Childless women without husbands or partners are holiday orphans. That’s what my yoga teacher called the singles she invited to her dinner. Yes, I was invited, too. In fact, I had several invitations to spend the day with other people’s families. Poor Sue must not be alone. But it was not the same.

How was your Thanksgiving experience without children? And how will your childless state affect your Christmas? It’s okay to whine, like me. You’ll never find a more sympathetic audience.

Thank you for being here

It’s Thanksgiving. I’m not about to say I’m thankful I don’t have children. I’m not. I wish with all my heart I had children and grandchildren to spend the holidays with, especially because this will be my first Thanksgiving in 25 years without my husband Fred. He will spend the day like any other day at Timberwood Court Memory Care Center, a nursing home for Alzheimer’s patients.

I feared I would be alone, but I have lost count of the number of people who have invited me to spend the day with them. I have a lot of good friends, and for that I am grateful. Perhaps this is a day to put away thoughts of who we don’t have and appreciate the people we do have. Tomorrow, thank someone for being in your life.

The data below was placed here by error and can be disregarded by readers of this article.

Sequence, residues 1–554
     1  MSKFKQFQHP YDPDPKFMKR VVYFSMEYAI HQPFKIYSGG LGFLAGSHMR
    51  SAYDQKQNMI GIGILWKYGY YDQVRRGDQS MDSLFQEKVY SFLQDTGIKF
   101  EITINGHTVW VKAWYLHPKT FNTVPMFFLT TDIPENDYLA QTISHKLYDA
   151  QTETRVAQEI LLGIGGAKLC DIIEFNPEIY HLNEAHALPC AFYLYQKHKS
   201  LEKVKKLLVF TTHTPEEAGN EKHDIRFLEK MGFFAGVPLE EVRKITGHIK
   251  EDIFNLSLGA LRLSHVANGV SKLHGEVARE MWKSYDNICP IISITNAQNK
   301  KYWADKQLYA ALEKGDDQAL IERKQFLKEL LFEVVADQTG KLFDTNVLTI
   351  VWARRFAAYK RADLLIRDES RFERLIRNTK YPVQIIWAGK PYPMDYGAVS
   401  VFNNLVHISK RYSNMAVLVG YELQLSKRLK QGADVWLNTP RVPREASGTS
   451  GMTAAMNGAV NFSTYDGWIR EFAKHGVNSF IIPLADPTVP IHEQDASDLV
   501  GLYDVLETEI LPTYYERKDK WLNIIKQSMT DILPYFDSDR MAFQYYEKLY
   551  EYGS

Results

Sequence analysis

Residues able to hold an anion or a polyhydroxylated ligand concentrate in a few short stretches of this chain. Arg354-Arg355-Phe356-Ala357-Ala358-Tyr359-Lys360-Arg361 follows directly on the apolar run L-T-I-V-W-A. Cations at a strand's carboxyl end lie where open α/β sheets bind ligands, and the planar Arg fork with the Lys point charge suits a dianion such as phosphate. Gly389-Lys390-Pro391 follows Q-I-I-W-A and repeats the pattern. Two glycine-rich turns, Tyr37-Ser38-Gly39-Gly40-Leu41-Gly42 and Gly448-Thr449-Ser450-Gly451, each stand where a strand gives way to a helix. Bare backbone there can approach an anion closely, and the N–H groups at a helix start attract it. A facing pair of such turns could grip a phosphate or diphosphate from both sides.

I am also thankful for my dogs. I am glad that I still have both of them, even though Chico the fence-jumper keeps running away. So far, he always comes back. He and Annie are giant dogs who sit in my lap, lean against my legs, and lick my face when I cry.

I’m thankful for my house, my health and work that I love. I’m thankful for little things like poppyseed muffins and Red Zinger tea and big things like sunshine and having the ocean nearby.

I’m very thankful that someone else is cooking the turkey tomorrow.

If you’re feeling particularly childless during the holidays, make a list of things you’re thankful for. They can be as silly as pink shoestrings or as serious as a cancer scare survived. We could all make long lists of complaints, but this week, let’s be grateful for the good stuff.

Happy Thanksgiving!